I share the concerns of the people who observed the rise of suicide cases in the nation and in the world. Throughout 2010 I’ve come across dozens of people, friends and clients alike, who have expressed thoughts of ending their lives; and there are a good number who have actually attempted to end it all.
Contrary to some beliefs, I want to plainly lay it out that it doesn’t require courage to attempt suicide. No, we are not dealing with brave people. I say this with the utmost respect and care so as not to sound insulting to the memory of those who have passed on. I say this because I sincerely believe that the more accurately we capture and understand the character and emotional make-up of people who contemplate on suicide, the better we can help them. Labeling suicidals are courageous people is not going to help in understanding and dealing with future cases. The fact is people contemplating suicide are often observed to be fearful, plagued by hopelessness, and depressed. Suicide is contemplated as form of escape that serves as the easy way out of their perceived troubles.
The negative and painful emotions of fear and frustration accumulate in their consciousness to the point that they believe that there really is no way out but death. Contemplators of suicide are simply stuck in a mental-state where negative perceptions dominate their consciousness of past memories, their present experiences and future expectations. All orientations are interpreted as negative, painful and even meaningless. This will lead us to see that suicidals do not just attempt suicide because of one problem or incident. The thought of suicide comes out after the accumulation of small problems from the past that are triggered by huge stressful problems in the present coupled with a hopeless expectation of the future.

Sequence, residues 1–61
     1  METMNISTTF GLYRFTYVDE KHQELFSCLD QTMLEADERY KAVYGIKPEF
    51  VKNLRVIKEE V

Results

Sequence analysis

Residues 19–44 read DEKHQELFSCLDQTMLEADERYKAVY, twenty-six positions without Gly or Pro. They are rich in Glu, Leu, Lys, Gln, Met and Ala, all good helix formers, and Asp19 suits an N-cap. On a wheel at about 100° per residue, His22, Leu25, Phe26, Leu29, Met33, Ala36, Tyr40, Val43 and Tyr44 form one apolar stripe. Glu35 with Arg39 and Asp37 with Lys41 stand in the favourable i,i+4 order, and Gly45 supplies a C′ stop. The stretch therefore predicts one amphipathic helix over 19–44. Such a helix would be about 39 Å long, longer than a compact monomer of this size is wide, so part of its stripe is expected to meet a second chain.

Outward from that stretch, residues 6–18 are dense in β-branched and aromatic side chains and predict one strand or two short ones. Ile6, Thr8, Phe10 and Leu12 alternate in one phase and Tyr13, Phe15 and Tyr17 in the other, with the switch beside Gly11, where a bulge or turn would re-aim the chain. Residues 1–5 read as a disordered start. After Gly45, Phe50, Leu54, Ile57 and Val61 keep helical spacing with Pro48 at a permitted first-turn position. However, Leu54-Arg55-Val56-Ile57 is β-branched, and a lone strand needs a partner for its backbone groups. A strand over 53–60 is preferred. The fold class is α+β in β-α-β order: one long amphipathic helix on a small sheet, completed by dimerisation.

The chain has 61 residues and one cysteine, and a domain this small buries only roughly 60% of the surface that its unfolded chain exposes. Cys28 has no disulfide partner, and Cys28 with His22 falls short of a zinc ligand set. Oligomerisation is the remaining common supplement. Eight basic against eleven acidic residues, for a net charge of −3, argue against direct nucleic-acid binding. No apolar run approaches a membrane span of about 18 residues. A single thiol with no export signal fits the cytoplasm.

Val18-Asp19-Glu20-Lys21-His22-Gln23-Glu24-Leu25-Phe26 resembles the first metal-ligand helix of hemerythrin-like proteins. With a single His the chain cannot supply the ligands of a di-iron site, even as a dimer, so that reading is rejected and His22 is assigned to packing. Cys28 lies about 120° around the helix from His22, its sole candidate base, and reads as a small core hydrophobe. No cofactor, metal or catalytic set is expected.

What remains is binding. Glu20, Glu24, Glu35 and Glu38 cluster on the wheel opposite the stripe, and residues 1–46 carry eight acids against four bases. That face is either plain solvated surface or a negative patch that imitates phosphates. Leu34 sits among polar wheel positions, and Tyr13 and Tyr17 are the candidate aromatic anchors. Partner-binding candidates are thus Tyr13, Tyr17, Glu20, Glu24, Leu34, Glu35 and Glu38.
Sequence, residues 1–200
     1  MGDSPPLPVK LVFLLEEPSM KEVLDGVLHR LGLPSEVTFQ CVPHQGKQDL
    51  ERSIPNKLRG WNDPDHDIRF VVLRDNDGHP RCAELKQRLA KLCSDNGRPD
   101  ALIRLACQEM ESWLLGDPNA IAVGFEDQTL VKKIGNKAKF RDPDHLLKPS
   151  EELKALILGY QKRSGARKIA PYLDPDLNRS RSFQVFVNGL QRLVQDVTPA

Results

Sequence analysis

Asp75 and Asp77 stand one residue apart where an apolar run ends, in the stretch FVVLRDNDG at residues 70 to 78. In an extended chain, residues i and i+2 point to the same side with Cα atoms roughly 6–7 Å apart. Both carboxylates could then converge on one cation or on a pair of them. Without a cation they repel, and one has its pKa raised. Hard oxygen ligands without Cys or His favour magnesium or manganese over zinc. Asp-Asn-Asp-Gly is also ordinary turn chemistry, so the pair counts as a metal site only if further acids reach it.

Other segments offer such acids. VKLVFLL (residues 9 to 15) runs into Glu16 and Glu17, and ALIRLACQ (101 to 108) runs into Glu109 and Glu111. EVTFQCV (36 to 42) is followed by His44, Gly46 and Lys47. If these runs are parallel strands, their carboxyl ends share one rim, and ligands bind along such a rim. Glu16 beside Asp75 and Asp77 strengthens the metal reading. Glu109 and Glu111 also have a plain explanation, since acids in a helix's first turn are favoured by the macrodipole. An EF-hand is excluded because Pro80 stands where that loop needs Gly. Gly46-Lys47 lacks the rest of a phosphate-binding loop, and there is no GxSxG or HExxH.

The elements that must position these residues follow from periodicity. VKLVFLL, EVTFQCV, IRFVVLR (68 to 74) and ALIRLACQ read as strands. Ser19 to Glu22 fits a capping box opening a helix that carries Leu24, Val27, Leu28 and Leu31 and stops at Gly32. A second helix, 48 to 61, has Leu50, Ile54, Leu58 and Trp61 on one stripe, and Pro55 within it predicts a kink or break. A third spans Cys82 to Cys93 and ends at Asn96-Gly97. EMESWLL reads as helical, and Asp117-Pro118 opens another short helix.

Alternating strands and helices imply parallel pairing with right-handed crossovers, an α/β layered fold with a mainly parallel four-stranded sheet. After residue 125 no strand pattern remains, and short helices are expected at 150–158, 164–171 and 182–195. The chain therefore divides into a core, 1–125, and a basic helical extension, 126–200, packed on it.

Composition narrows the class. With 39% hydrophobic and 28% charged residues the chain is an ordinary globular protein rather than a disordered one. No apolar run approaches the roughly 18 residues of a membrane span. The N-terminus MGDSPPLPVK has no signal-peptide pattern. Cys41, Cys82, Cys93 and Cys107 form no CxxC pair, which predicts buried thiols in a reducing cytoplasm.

This is good news for people who care because it means that suicide builds up through a predictable process. If this is the case, then we can prevent suicide by stopping it on its tracks. If suicidals attempt to end their lives based on their beliefs of life’s hopelessness, then all we have to do is to reverse the process. What happens then if we give them hope?
Hope that doesn’t lie.
Hope is not a lie. We don’t whiff off the seriousness of their problems by saying “everything is going to be alright.” Giving hope is simply communicating to the person that You Care. A simple “Hi”, a simple “Hello, how are you?” will save a life. Whether it’s from the chat room, a SMS, or a short encounter in the work place, a simple “hi” will save a life.
I say this out of experience. I cannot exaggerate on the power of genuinely asking someone how they are. If you notice one of your friends or colleagues feeling down and troubled, take some time to say “Hi, if you need someone to talk to, I am here.” Is there anything magical or scientific with those words? No. But those are sincere words that can stop the accumulation of negative experiences and emotions in the present and put to stop the accumulation of negative expectations of the future. A pat on the back, a small invitation for coffee, any gentle reminder that they are still cared for will bring back the hope that the future may turn out to be better and bring back the thought that maybe this life is worth living for.